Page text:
Seeing Both Sides
December 5, 2002
Before I discovered Shakespeare, the writer I most
admired was St. Thomas Aquinas. Dazzling as Shakespeare is, I think I was
right the first time. Apples and oranges, of course; but in this case I think
the apple diet would have been better for me.
Many, not all of them
Catholics, regard Aquinas as the most profound thinker of whom we have
record. Im not qualified to judge that; Id be like Mr. Magoo
judging a beauty contest.
I cant even call
myself a Thomist. I dabbled in his writings in my teens, when I converted
to Catholicism. But it was enough to give me a taste of his austere joy in
Ive just been
reading some recent theological controversies, and how I wished St.
Thomas could have stepped in to settle them. The disputes were full of
vigorous, thought-provoking arguments; but the arguments were also
adulterated by overstatements, imprecision, and even personal
accusations. The phrase odium theologicum sprang to mind. And in
some cases the disputants hadnt taken the preliminary step of
defining their terms.
In other words, if
youre not careful, theological debates can become alarmingly
similar to political journalism, where truth-seeking easily turns into
mere partisan polemics, or just bickering with annoying people. The goal
is victory over a humiliated opponent. This spirit is not necessarily
The spirit of Aquinas
is very different. He isnt merely charitable to his opponents; he is
always on his opponents side. That is, he wants to confront
opposing arguments at their best, even if he has to reformulate them
himself and make them purer, stronger, and more precise than their
advocates have done.
has the rare quality of wanting to know all that can possibly be said for
the other side. He understands that you cant find good answers
without good questions. The human mind needs both.
There are no cheap
shots or straw men in the Summa Theologica. Aquinas has no
need of them; they would only corrupt what he is trying to do. When he
debates the existence of God, he doesnt cast aspersions on wicked
atheists; he simply tries to make the strongest case for atheism before he
gives his reasons for rejecting them and for affirming Gods
existence. Thinking is complicated enough, without being further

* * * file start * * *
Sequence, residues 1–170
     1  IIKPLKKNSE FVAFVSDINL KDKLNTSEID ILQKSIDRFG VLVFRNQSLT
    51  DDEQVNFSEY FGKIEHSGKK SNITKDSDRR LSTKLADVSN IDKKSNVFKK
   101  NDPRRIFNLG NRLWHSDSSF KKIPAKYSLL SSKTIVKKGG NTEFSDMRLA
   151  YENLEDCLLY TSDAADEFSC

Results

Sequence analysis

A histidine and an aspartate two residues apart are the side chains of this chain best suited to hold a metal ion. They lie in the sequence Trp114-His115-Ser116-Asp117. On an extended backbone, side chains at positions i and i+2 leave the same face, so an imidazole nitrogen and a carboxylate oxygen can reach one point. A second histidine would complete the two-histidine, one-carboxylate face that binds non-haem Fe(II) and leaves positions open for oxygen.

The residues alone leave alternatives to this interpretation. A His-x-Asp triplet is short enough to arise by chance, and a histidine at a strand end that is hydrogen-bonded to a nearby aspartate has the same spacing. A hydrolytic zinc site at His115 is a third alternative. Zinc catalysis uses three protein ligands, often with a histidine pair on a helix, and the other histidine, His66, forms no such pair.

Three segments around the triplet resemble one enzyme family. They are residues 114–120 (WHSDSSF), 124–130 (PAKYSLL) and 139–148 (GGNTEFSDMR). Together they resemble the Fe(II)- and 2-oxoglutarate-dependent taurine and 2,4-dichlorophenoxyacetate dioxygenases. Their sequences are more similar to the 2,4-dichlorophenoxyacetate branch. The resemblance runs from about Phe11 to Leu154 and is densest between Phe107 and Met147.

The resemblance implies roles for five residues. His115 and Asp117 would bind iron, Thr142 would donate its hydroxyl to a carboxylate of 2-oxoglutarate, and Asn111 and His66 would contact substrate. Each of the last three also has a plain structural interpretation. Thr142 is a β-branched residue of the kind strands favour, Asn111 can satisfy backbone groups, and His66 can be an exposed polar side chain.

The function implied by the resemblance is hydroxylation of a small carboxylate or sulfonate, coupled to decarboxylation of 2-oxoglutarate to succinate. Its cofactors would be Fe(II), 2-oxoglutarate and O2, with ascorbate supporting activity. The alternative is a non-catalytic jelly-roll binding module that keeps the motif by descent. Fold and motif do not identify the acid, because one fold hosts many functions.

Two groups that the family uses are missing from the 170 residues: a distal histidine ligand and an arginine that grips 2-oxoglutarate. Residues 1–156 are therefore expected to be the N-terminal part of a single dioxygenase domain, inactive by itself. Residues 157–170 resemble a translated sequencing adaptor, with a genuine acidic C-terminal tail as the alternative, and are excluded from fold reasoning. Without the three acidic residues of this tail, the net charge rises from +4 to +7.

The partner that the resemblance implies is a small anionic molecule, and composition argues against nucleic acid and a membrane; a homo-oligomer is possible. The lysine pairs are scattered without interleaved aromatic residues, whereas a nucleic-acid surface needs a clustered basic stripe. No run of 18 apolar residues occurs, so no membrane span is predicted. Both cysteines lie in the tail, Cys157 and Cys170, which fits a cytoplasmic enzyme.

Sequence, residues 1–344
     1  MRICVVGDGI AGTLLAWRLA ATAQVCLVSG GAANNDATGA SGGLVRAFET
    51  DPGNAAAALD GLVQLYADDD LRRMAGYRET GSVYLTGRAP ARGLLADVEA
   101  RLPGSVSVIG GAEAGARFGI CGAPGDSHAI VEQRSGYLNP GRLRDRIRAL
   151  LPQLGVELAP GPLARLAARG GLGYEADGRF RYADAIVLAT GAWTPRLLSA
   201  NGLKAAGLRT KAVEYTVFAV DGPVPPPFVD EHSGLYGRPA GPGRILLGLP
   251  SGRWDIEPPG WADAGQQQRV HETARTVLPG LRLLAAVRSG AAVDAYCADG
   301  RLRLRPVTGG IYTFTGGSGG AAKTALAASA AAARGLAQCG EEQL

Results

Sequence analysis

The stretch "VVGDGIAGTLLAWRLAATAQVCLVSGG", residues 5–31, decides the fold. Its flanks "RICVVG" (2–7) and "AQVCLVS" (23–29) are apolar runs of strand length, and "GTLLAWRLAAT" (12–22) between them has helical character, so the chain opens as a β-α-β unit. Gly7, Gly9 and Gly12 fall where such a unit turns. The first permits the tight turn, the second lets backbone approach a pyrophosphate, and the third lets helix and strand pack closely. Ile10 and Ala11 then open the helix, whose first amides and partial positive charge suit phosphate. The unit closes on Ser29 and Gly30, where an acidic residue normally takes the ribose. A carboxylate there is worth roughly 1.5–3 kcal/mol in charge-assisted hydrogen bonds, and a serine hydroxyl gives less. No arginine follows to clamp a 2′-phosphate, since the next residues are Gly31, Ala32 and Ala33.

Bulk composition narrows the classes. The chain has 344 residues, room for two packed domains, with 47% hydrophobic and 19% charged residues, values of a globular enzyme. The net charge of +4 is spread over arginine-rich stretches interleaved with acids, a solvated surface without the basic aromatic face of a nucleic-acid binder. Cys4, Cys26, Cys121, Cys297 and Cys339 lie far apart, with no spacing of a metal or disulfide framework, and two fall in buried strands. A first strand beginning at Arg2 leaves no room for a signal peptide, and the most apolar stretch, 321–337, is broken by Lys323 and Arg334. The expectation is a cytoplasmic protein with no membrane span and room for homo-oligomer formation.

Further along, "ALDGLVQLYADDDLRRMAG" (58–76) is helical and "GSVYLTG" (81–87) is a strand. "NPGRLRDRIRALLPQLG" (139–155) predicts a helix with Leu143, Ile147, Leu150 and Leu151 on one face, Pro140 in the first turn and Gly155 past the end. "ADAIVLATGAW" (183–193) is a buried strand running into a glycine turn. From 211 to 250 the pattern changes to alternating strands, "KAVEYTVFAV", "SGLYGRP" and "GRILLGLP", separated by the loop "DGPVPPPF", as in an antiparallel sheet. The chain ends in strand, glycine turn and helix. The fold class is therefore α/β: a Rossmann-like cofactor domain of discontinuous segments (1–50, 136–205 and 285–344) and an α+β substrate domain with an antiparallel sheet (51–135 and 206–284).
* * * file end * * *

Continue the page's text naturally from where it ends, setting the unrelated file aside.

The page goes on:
complicated by personalities even ones own personality.
Given the immense,
impersonal calm of his writings, its hard to recall that Thomas
Aquinas himself was once a figure of controversy. In modern times his
sanctity has been turned against him, and he has often been caricatured
and dismissed as slavishly orthodox the modern stereotype of
medieval man. But there is a startling boldness in his orthodoxy. Time and
again the reader finds him seeming to contradict the obvious meaning of
Scripture, Aristotle, or St. Augustine; only to find him patiently
explaining that the passage in question must be understood in a certain
Aquinas was born in
Italy around 1225 to a noble family (his second cousin was the Emperor
Francis II) who were shocked by his decision to become a Dominican friar.
Nicknamed the Dumb Ox for his bulk and quiet manner, he
taught at the University of Paris. He died in 1275. That is pretty much all
we know of his life, except for a few anecdotes.
One of these is the
famous story of a banquet with the king of France, Louis IX, at which
Aquinas sat brooding absent-mindedly on a theological dispute. In the
middle of dinner, an idea occurred to him, and he burst out, That
will answer the Manichaeans! Far from taking offense, the king
ordered pen and paper brought immediately so that his guest might
scribble down his brainstorm.
Aquinas left a huge
body of work (all of it in Latin), which is still being edited. Though he won
renown in his own day, he was also controversial. A few years after his
death, the Archbishop of Paris ordered his works burned, thinking their
deep debt to the pagan Aristotle heretical. Yet he was canonized a saint
only a short time later, and his influence spread; he had become the
preeminent Catholic theologian and philosopher long before Pope Leo XIII
declared him a Doctor of the Church late in the nineteenth century.
G.K. Chesterton said
that Aquinas had made Christendom more Christian by making it more
Aristotelian. I think I know what he means; but Im content to
admire St. Thomas Aquinas him as a writer of the most exquisite